The Invention of Hugo Cabaret
Scholastic Press, 2007
National Book Award Winner
Both of his parents have died, so Hugo Cabaret lives with his uncle inside of the clock room at the train station in London. He’s inherited his father’s ability to tinker with toys and anything that has working gears, parts, and pieces. Before the fire, his father happened upon a mechanical man that was calibrated to draw or write something as part of a magic act. Obsessed with the machine, Hugo steals parts from a local toy manufacturer in the train station in order to complete it and make it work. However, things begin to complicate when his uncle completely disappears and Hugo gets caught stealing. In a matter of only a few days, his mysterious and tenuous world again becomes dangerous, and the most surprising things happen as a result of the mechanical man.
This was surprisingly well done. I’m not sure what I was initially expecting, but the story far exceeded my expectations. The characters are interesting, and the graphic-novel style way of presenting the story is perfect for how it unfolds and the subject matter being used to move along the plot. Typically, I steer clear of saying things like, “this is the first of its kind” because that gets thrown around a lot as a marketing term. However, this is something of a first, especially as an award winner, and Selznick does a wonderful job of interlacing the pictures with the words in order to tell a complete story.
Even beyond that though, the story itself is wonderful, despite the method through which it’s told. The characters are all fascinating and mysterious in their own way, and everyone has secrets. Not to mention that each character’s personality and foibles adds to the depth of the narrative. I recommend this to all readers, but it will come alive especially well for readers 8-12.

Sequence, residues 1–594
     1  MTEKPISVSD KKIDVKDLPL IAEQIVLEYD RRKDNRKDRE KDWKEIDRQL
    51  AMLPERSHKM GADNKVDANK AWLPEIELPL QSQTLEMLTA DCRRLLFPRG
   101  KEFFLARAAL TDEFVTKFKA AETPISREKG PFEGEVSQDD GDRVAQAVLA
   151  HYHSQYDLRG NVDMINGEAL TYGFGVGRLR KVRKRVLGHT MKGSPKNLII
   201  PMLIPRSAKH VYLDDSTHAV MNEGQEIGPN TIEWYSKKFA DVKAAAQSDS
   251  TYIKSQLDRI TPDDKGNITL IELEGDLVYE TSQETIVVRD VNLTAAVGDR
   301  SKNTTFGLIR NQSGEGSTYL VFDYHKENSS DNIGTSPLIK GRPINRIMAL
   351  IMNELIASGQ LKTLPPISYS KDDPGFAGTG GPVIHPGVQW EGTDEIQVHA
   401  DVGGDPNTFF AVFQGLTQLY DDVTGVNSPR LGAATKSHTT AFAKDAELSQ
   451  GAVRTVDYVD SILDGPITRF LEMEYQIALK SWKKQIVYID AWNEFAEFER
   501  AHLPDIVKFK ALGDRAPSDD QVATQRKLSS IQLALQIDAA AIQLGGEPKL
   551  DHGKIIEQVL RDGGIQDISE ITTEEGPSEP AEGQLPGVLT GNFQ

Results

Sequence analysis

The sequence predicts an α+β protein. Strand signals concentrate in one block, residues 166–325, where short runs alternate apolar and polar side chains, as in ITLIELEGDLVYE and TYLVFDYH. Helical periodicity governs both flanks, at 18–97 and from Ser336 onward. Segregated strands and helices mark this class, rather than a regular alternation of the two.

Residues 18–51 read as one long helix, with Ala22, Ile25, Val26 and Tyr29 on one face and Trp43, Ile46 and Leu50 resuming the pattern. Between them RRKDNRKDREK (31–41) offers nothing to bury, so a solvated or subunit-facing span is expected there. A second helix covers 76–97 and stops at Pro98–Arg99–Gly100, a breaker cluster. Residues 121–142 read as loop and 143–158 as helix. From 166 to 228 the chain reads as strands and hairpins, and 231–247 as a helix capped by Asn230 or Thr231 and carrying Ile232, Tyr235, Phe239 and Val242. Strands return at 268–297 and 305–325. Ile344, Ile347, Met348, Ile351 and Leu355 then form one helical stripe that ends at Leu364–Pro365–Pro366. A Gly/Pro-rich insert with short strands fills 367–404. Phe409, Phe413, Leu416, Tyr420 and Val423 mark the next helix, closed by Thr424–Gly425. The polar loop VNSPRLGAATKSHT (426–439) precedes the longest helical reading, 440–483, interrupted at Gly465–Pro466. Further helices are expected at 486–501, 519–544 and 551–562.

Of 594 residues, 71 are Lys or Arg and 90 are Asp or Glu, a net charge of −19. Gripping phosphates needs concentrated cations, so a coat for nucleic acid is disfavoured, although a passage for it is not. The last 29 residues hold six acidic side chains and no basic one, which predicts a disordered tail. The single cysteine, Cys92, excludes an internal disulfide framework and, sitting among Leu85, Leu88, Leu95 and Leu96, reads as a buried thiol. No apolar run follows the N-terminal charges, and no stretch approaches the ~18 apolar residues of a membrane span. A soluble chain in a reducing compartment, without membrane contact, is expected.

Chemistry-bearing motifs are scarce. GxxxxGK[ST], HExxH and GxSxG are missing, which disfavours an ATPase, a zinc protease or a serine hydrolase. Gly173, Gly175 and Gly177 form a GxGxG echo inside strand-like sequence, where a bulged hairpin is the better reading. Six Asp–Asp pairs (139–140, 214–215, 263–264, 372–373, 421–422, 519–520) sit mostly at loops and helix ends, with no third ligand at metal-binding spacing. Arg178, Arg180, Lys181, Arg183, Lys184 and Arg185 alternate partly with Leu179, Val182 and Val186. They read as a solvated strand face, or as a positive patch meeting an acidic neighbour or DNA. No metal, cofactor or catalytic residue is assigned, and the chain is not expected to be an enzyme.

For the Classroom
This novel has a wealth of elements that can be used to make it a good classroom companion. First, there are historical characters and a historical overview of the invention of the moving picture and how it affected France at the time. Second, the inner workings of the science and mechanics for reel-to-reel film, wind up toys, clocks, and other mechanical things are highlighted throughout the text. Lastly, the graphic novel aspect is especially interesting for artists and writers, so it would be a great book to use for a writing or art class as a way to encourage students to think outside of the box by combining or creating new mediums.